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### 1000 Lockers

```
Date: 11/06/97 at 23:35:30
From: Kate Thorsheim
Subject: Word problem

There are 1000 lockers in a high school with 1000 students.  The
problem begins with the first student opening all 1000 lockers; next
the second student closes lockers 2,4,6,8,10 and so on to locker 1000;
the third student changes the state (opens lockers closed, closes
lockers open) on lockers 3,6,9,12,15 and so on; the fourth student
changes the state of lockers 4,8,12,16 and so on. This goes on until
every student has had a turn.

How many lockers will be open at the end? What is the formula?

I can't figure out the pattern.
Kate
```

```
Date: 11/07/97 at 13:41:12
From: Doctor Bruce
Subject: Re: Word problem

Hello Kate,

ago.

One thing we can do is to let the first 10 students go do their open/
shut thing with the lockers. The students who come after them are not
going to touch lockers 1-10, so we can see which ones in that first
batch are still open and try to guess the pattern.

When we do that, we find that lockers 1, 4, and 9 are open and the
others are closed. Now, that isn't much to go on, so maybe you could
let the next 10 students go do their thing. Then the first 20 lockers
are through being touched, and we find that lockers 1, 4, 9, and 16
are the only ones in the first 20 that are still open. So what is the
pattern?

Let's take any old locker, like 48 for example. It gets its state
altered once for every student whose number in line is an exact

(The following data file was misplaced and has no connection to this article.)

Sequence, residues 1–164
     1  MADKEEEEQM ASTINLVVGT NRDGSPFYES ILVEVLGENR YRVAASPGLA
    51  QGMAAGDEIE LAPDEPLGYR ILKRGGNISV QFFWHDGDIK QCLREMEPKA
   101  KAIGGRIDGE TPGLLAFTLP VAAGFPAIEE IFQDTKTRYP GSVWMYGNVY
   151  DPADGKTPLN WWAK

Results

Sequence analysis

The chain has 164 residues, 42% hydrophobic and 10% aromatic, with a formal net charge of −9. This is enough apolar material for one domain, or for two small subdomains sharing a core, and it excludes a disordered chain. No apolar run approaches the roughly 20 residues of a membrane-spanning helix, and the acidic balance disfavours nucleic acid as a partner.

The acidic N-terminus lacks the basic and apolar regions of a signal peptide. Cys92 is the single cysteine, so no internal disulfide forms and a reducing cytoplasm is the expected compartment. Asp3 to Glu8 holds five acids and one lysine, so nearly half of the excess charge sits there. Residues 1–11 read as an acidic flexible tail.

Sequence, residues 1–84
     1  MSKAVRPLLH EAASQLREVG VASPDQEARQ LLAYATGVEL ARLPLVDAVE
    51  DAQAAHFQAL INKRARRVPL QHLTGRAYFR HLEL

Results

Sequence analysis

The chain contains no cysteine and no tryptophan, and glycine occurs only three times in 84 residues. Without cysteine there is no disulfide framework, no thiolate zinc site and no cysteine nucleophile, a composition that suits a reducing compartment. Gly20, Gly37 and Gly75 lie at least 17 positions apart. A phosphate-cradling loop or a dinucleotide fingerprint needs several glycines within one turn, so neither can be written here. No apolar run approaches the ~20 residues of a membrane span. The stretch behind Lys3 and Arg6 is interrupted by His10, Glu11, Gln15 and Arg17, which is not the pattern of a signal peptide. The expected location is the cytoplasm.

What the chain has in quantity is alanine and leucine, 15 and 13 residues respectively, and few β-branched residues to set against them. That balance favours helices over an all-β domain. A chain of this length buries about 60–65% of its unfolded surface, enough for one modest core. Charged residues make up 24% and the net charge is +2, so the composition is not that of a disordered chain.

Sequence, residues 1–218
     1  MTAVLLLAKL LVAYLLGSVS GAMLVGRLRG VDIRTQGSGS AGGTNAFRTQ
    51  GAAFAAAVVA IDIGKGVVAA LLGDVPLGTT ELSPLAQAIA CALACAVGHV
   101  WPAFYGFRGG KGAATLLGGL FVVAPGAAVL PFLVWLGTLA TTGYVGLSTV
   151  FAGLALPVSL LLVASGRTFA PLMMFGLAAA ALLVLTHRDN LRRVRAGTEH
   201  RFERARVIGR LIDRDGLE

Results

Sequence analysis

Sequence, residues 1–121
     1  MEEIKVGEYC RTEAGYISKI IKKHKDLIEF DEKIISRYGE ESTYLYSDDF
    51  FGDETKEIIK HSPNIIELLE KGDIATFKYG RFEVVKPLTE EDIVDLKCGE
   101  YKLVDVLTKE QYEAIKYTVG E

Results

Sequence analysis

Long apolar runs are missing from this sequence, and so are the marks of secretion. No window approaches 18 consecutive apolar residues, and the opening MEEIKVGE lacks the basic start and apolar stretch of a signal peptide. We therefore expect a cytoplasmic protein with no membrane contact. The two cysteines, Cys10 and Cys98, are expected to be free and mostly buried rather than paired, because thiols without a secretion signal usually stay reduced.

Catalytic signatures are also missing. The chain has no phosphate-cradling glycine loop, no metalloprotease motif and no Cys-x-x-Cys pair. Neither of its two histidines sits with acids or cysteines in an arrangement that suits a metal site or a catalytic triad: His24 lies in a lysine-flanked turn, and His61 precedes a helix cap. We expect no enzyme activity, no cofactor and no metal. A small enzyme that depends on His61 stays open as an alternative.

divisor of 48.  Here is a chart of what I mean:

this Student     leaves locker 48

1                open
2                shut
3                open
4                shut
6                open
8                shut
12                open
16                shut
24                open
48                shut

Notice that 48 has an even number (ten) of divisors, namely
1,2,3,4,6,8,12,16,24,48. So the locker goes open-shut-open-shut ...
and ends up shut. Any locker number that has an even number of
divisors will end up shut.

Which numbers have an odd number of divisors?  That's the answer to
this problem. Just to help you along, here are the locker numbers up
to 100 that are left open:

1,4,9,16,25,36,49,64,81,100.

See if you can describe these numbers in a different way from "having
an odd number of divisors." Think about multiplying numbers together.
When you understand how to describe them, you will see that 31 of the
1000 lockers are still open (without having to work it all out!).

Good luck!

-Doctor Bruce,  The Math Forum
Check out our web site!  http://mathforum.org/dr.math/
```

```
Date: 11/07/97 at 19:46:25
From: Anonymous
Subject: Re: Word problem

Dr. Math,

Thank you for your prompt response.
Kate
```
Associated Topics:
High School Number Theory
High School Puzzles
Middle School Puzzles

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